Since embarking on your inbound marketing initiative, you have most likely done some homework. You have identified your Alaska healthcare customer buyer persona, mapped out their decision making process, or buyer's journey, and hopefully leveraged your office team's knowledge to brainstorm a list of awesomely interesting blog topics as long as your arm. Now, with your tablet at the ready, your are set to hammer out a blog post that will delight your audience and woo them to be your patient. Right?
When we speak with new clients about Alaska healthcare marketing, one of the most common questions about blogging for business regards the length of content. How many words should a blog post be?
This might hail back to the days of composition class, when assignments were made by teachers with the specific goal for each book report or an essay to meet a length requirement.
The idea of "word count" is different in today's digital communications, however. The questions is not about "how long" a post should be, but how effective your content is at the word count you choose.
We have touched on the word count in this previous article, "Meet these 4 standards for the best medical blog posts," but let's talk about blog post lengths, why word count matters, and what "the rules" are today.
Let's say you're a cardiologist and you've spent some time and money putting together 2 to 3 posts a week to drive more traffic to your medical practice website. You're confident your latest content is well written and bursting with utility and inspiration for the patient prospect who visits your site: today they find your latest post on the relationship between oxidative stress on the heart and obstructive sleep apnea. It's a big deal and you want everybody to read it.
How disappointing it will be, later, to learn how very few people will have actually read this vital post.
This could happen for a variety of reasons; one key reason could be that you've failed to amplify your fresh content.
A Call to Action (CTA) is an interactive element on your website (often in your blog) which directs your reader to take some sort of action. This could be to download a free publication, ask for a health assessment, or take a quiz about symptoms or side effects.
Building an interactive marketing tool like a CTA doesn't have to be difficult. In fact, it should be one of the easier things you can do to drive engagement... you'll (ideally) make CTAs for many different products or services as the need arises.
To simplify the task, we've included ten key "bones" below that make up the CTA "skeleton." The way you incorporate them may vary from one CTA to the next, because your CTAs should be tailored for each group they're designed to reach. For healthcare marketing purposes, this could be patients, other doctors, patient's families, or other caregivers. (You usually decide who these groups are by creating personas.)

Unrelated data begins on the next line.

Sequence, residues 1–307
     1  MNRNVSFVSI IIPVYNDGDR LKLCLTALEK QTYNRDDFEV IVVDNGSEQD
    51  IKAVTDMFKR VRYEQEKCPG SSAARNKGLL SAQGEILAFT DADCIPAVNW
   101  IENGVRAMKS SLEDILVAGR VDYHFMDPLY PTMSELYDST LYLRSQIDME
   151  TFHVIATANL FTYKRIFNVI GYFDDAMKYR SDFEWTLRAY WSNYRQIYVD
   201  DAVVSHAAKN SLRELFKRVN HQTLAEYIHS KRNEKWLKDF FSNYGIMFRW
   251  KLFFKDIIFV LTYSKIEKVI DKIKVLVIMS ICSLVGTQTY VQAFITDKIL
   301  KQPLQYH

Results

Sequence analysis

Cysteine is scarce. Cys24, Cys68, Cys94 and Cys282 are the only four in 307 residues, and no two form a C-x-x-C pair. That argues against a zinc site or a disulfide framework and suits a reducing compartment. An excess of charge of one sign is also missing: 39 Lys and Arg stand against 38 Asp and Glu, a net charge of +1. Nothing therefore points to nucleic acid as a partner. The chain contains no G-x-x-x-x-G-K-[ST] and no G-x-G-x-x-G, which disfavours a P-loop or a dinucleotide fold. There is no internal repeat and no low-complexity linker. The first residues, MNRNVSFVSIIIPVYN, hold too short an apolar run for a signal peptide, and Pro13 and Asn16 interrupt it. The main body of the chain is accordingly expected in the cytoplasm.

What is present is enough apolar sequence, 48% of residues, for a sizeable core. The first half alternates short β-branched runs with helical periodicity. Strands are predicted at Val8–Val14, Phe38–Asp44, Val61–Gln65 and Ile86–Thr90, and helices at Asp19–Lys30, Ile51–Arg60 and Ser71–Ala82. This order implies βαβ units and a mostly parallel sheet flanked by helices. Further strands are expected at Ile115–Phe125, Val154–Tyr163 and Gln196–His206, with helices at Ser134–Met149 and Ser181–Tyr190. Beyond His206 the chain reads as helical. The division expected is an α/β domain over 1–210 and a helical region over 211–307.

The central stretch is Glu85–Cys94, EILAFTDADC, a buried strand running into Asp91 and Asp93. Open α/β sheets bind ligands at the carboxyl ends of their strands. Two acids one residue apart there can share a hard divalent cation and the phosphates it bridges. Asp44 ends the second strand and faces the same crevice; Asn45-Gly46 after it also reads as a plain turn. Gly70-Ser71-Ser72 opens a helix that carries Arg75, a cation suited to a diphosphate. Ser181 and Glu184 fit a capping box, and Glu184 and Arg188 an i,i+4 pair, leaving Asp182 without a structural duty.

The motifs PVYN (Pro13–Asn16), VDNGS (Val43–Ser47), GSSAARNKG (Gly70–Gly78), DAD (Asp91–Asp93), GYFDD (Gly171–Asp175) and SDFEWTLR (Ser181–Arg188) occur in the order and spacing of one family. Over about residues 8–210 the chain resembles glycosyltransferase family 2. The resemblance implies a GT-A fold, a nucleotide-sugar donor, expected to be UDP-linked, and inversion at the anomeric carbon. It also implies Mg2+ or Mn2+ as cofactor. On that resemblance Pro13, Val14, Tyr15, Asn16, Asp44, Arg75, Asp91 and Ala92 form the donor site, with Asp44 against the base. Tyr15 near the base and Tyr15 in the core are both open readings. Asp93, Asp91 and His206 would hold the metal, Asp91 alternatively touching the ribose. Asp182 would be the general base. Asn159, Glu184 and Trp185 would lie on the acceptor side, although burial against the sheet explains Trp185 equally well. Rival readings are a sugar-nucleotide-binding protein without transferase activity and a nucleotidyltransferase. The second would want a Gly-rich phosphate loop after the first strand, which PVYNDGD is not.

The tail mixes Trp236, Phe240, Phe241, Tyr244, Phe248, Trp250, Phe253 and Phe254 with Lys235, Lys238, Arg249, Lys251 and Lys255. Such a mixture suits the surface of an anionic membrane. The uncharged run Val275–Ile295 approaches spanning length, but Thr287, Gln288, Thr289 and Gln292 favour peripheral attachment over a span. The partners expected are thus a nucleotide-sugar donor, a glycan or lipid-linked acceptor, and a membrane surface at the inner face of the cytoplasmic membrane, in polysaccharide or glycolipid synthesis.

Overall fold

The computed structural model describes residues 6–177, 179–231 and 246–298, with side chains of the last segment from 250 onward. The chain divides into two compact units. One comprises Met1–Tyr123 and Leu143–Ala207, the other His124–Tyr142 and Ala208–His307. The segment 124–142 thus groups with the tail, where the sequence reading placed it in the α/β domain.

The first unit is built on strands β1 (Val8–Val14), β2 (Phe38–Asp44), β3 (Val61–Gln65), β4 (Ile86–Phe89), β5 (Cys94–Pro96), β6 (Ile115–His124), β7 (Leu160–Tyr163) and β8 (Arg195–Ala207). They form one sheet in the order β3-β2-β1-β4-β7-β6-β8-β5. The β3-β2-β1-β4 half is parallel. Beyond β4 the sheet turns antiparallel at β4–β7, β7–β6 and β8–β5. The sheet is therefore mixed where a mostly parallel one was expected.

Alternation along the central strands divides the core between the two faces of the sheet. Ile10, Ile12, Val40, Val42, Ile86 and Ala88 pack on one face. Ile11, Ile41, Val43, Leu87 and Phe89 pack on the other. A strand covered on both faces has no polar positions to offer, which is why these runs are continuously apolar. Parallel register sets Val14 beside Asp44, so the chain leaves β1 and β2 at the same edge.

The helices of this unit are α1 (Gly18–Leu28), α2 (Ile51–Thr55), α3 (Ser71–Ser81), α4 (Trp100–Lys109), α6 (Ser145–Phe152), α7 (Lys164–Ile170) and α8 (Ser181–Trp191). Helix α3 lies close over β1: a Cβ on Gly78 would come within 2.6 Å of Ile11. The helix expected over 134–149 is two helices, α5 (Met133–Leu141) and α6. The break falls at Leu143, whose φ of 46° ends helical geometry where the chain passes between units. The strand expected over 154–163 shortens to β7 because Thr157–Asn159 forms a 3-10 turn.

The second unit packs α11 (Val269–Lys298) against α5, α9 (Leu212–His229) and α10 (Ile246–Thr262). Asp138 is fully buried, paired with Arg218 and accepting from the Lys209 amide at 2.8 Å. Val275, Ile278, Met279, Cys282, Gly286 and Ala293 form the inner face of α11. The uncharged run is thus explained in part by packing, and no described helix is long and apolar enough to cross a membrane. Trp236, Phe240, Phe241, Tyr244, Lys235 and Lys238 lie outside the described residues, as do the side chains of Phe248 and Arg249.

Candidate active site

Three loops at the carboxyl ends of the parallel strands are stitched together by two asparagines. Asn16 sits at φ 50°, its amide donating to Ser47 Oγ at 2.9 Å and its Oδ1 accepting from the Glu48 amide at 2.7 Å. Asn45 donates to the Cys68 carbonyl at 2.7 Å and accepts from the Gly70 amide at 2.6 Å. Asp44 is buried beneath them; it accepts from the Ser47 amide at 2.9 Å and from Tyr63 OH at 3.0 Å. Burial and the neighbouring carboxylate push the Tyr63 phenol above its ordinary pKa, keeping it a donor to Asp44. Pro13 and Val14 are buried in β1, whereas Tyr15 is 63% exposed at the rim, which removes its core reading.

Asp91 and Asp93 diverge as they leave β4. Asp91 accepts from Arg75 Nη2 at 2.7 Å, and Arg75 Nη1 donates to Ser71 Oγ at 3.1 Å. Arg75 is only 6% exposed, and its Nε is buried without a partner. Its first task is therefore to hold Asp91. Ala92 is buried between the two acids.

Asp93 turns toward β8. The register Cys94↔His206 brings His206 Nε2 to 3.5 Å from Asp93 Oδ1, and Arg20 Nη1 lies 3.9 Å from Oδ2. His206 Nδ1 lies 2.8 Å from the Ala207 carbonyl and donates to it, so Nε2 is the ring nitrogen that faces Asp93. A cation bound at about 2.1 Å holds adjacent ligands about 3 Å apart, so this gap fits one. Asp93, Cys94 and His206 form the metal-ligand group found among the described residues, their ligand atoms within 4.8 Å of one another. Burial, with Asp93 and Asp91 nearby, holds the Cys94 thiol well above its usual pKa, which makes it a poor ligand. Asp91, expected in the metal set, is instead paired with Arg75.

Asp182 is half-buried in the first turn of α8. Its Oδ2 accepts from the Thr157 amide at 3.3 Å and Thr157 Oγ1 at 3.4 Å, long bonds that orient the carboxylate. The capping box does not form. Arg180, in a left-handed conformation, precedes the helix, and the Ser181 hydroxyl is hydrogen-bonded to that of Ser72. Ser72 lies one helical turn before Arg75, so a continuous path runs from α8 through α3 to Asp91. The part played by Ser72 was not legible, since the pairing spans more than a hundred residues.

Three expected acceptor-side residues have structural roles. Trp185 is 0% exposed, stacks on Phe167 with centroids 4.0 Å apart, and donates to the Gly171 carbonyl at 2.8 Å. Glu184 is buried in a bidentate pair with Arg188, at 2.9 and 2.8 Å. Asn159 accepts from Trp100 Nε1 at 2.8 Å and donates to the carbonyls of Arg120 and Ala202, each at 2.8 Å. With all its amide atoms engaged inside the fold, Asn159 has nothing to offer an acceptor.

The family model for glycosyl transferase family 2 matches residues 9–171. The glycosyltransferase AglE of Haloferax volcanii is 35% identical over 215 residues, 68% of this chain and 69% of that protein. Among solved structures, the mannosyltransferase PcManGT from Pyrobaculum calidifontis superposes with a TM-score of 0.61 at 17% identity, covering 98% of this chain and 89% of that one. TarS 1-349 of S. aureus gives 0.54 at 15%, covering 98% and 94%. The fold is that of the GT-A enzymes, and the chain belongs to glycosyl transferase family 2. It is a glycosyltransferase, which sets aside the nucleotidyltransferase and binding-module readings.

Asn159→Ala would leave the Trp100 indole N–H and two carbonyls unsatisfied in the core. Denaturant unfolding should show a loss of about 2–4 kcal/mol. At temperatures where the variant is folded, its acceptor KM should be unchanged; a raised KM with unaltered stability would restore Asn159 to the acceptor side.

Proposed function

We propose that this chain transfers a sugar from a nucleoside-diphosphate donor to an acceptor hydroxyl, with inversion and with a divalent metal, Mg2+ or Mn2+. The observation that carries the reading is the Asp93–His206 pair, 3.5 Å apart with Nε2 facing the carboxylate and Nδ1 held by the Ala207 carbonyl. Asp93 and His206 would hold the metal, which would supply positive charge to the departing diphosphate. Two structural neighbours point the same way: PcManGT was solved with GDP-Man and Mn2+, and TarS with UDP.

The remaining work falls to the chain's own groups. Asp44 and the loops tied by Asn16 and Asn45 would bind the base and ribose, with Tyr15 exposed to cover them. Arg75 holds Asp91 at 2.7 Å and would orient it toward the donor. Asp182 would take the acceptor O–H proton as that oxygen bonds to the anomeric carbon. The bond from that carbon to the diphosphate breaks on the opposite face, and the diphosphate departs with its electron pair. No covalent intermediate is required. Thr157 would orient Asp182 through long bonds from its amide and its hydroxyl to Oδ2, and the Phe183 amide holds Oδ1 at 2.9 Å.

At any rate, each CTA you build should still include all of the features below if your goal is to guide your reader further along their patient (or customer) journey, toward the all-important Zero Moment of Truth, when they finally decide it's time to give your medical practice a call to schedule a visit.
If you could only focus on 4 key elements of your blog posts to ensure they best served your inbound marketing goals as a medical blogger, what would they be?
We recommend regular frequency, appropriate word count, adequate white space, and overall utility if you are to make each and every of of your medical blog posts work its magic to serve your reader's needs.
Pain is not only a medical term, but a marketing consideration. When you ask a patient to fill out a pain scale handout (i.e. "Circle the face that best represents how much pain you feel right now"), you are practicing discernment as part of your job as a medical professional.
So too does a medical marketing strategy rely on a more discerning understanding about the needs of its potential new patients.
Knowing where to start when it comes to writing a medical blog can be one of the biggest roadblocks facing any medical practice launching a new content marketing strategy.
There are so many different directions you could go, so many subjects to address.
On top of all this, you frequently hear how "content is king," but this does nothing to clarify what you should be writing about.
How do you create an editorial calendar for your blog from an infinite number of topics?
We like to start with that simple childhood game, 20 Questions.
Comparing healthcare products, procedures, and services at your medical blog may be one of the purest forms of medical marketing. It takes all the emphasis on your need to acquire new patients and places it, instead, on what your patients (current or prospective) need or want. This creates a natural win-win situation.
Random ideas aren't strategic, however. You'll want some sort of content strategy from the beginning.
One possible approach is to compose your opening blog posts following a content marketing theme.
So much of what we do when we write for a medical blog focuses on the content, and that's the way it should be.
Quality, informative content is still the best way to establish your medical practice as a thought leader and legitimate resource in your area of expertise.
But there are other, more subtle ways, to improve your page ranking in search engines. While they are focused on finding the best content to achieve the best user experience, they are also influenced by other aspects of your website.
One of these key aspects is the presence of links: hyperlinks embedded inside your content which help search engine "crawlers" locate your site, identify its content, and rank it according to its ascertained value.